Social Advertising in Belarus: Healthy Life Style and Patriotism

The billboards in Belarus tell an interesting story about the country. Before 1991, these advertisements were sponsored by the communist authorities and focused on both social and political propaganda.

Even today the majority of billboards throughout Belarusian cities promote healthy and safe lifestyles, or patriotic themes rather than sell products and services. It is therefore not surprising that without advertisements selling products the Belarusian economy remains in a dire situation.

Some billboards raise awareness about the risks of smoking, drinking, and taking drugs. Despite these efforts, the country ranks 140th in the world in terms of life expectancy and 15th in mortality rates. Alcoholism is perhaps the most poignant social problem in Belarus, as Belarus was named the heaviest drinking nation in the world by the World Health Organisation this year. Belarus also has the highest levels of female obesity in Europe and the former Soviet space.

Other billboards which are often in the Belarusian language, inculcate patriotism by featuring beautiful Belarusian natural scenes. Patriotic billboards also praise young soldiers who guard the nation’s independence and they also applaud police for protecting law and order.

The market for commercial advertising which was up by 8 percent last year, is now shrinking rapidly due to the economic turmoil caused by the events in Russia and Ukraine. Many billboards stand empty or only target potential advertisers with the message “your ad could be here.” These economic troubles may further increase the share of state-sponsored social advertising in Belarus.

“Spice is a drug. Say no.” The ad above is a part of the national campaign against synthetic drugs, locally known as "spice" and amounting to 70% of the drug market in Belarus.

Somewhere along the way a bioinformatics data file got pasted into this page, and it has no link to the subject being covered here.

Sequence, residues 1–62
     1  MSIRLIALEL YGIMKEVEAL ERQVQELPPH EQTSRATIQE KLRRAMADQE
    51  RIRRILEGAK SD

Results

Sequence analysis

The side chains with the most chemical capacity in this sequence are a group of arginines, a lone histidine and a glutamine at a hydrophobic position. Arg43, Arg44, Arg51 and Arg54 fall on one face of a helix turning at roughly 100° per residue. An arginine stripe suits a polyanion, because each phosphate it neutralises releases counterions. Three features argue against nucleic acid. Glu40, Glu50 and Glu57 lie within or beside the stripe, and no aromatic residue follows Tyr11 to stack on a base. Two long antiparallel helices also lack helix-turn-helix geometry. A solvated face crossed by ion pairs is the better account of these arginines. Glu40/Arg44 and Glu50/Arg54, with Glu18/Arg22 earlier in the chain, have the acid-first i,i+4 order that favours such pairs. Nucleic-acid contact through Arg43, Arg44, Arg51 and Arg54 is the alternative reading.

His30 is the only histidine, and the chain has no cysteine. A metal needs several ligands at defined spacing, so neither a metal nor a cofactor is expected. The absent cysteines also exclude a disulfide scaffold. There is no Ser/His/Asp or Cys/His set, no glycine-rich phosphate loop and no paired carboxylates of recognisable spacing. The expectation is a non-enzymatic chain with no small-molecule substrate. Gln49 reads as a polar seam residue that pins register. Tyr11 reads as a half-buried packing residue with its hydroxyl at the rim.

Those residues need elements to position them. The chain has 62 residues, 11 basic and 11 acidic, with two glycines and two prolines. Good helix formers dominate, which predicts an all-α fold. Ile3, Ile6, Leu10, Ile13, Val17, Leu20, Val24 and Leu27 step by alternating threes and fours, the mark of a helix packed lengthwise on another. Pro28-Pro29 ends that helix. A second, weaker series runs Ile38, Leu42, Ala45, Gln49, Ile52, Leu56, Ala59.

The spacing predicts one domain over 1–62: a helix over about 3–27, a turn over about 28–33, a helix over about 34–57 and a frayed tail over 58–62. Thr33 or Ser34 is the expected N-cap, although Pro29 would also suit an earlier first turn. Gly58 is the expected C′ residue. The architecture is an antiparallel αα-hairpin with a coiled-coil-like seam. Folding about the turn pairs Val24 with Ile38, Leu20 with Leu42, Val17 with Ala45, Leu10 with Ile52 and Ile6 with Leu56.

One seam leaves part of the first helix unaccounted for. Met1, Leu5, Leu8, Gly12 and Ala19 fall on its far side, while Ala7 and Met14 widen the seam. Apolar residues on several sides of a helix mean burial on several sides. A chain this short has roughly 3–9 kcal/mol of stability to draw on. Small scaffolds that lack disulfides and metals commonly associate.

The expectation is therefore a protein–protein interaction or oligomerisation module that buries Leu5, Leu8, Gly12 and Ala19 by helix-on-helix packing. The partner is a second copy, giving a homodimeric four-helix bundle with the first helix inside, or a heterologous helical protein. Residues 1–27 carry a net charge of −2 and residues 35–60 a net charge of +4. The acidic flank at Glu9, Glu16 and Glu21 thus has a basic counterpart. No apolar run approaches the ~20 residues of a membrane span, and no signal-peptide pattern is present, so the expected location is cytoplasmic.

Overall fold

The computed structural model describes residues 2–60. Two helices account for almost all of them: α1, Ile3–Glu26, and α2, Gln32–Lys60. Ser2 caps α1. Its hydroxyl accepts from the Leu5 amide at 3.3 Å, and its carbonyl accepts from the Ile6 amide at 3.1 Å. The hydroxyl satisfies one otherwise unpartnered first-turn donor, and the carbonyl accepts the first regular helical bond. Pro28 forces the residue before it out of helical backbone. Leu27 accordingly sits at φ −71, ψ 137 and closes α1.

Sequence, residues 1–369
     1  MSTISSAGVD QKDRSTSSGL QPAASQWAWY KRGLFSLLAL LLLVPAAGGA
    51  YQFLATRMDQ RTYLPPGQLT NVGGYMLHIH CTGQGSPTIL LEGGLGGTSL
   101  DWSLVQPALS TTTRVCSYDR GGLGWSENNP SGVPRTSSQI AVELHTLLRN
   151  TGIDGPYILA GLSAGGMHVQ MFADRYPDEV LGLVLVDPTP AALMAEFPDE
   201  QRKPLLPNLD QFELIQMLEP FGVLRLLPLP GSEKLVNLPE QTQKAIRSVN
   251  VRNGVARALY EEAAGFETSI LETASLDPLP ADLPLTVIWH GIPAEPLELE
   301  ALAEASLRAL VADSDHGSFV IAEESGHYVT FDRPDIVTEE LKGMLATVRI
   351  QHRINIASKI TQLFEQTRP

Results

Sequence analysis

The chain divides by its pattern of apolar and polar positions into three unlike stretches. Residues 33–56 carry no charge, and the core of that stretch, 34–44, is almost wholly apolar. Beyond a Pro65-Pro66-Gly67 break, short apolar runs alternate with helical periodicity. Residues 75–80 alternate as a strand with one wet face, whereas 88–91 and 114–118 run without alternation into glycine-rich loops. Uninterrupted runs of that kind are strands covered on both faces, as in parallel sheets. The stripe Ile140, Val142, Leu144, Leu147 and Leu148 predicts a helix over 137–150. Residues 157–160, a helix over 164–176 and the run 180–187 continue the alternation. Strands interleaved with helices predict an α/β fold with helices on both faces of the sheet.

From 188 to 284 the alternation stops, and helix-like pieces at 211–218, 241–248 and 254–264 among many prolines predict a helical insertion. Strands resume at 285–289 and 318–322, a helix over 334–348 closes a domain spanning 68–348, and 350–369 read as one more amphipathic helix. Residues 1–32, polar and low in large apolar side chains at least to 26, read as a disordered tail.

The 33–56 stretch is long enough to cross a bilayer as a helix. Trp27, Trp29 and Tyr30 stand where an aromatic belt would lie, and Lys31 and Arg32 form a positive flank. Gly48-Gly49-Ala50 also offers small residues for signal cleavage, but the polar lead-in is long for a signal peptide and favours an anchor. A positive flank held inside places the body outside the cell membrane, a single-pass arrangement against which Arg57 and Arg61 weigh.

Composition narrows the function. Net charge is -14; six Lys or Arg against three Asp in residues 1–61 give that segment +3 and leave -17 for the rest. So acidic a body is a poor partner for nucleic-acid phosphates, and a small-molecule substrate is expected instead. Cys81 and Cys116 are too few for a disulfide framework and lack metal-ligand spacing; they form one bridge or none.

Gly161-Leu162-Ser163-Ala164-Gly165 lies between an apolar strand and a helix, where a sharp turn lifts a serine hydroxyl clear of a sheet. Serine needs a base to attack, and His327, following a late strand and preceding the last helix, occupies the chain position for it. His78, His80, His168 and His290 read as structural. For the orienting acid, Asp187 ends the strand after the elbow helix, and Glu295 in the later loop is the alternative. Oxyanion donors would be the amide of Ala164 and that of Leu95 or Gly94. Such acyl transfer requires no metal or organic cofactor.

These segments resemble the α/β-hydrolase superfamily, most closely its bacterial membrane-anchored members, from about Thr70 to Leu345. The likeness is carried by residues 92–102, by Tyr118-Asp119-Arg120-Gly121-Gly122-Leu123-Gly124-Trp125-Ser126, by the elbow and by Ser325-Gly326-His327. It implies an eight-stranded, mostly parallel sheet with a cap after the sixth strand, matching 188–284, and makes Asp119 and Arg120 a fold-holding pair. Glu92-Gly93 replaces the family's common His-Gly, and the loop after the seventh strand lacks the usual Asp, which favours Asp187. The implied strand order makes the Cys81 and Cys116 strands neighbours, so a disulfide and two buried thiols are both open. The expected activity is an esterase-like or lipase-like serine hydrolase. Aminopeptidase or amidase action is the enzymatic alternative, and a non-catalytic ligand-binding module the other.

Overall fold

The ad above exhorts Belarusians to stop smoking in bed. Titled “Stars for Safety,” it features popular TV host Alyaksandr Averkau. Similar ads have appeared with other Belarusian "stars."

 

“A Healthy Nation Means a Happy Future.” A billboard promoting physical activity and exercise.

 

“Going Abroad? Call us,” an ad promoting safer travelling.

 

“I love Belarus” is one of the most popular poster series in Belarus.The ad above features raspberries in the shape of the heart. Other ads use heart-shaped clouds or islands.

 

The creators of the "I love Belarus" ad series sought to come up with a phrase that is written identically in Russian and Belarusian.

 

“A Taste of Belarusian.” The poster in the photograph above promotes the Belarusian language by reminding people that blackberries are different in Belarusian (“azhyny”) and in Russian (“ezhevika”).

 

“For a Happy Belarus!” A Russian-language poster.

 

“Devoted to the Motherland,” a Belarusian-language poster featuring a traditional family.

 

“Praise the hands that smell of bread,” a poster promoting agricultural workers.

 

“Simple Things,” a poster promoting agritourism in Belarus. The ad was created with the help of the USAID “Local Entrepreneurship and Economic Development" Project, in partnership with the Belarusian Ministry of Sports and Tourism.

 

“Serving the Law, the People, and the Motherland!” a Belarusian-language poster commending Belarus’s Ministry of Internal Affairs.

 

“Guarding Independence,” a Belarusian-language billboard promoting the armed forces.The poster was sponsored by the Defence Ministry.

 

“Flowers of the Great Victory,” a poster celebrating victory in the Second World War.

 

An installation in Minsk reminding Belarusians about the approaching presidential election.

About the photographer: Siarhei Leskiec is a freelance photographer whose work focuses on everyday life, folk traditions, and rituals in the Belarusian countryside. Originally from Maladzeczna region, he received a history degree from Belarusian State Pedagogical University.

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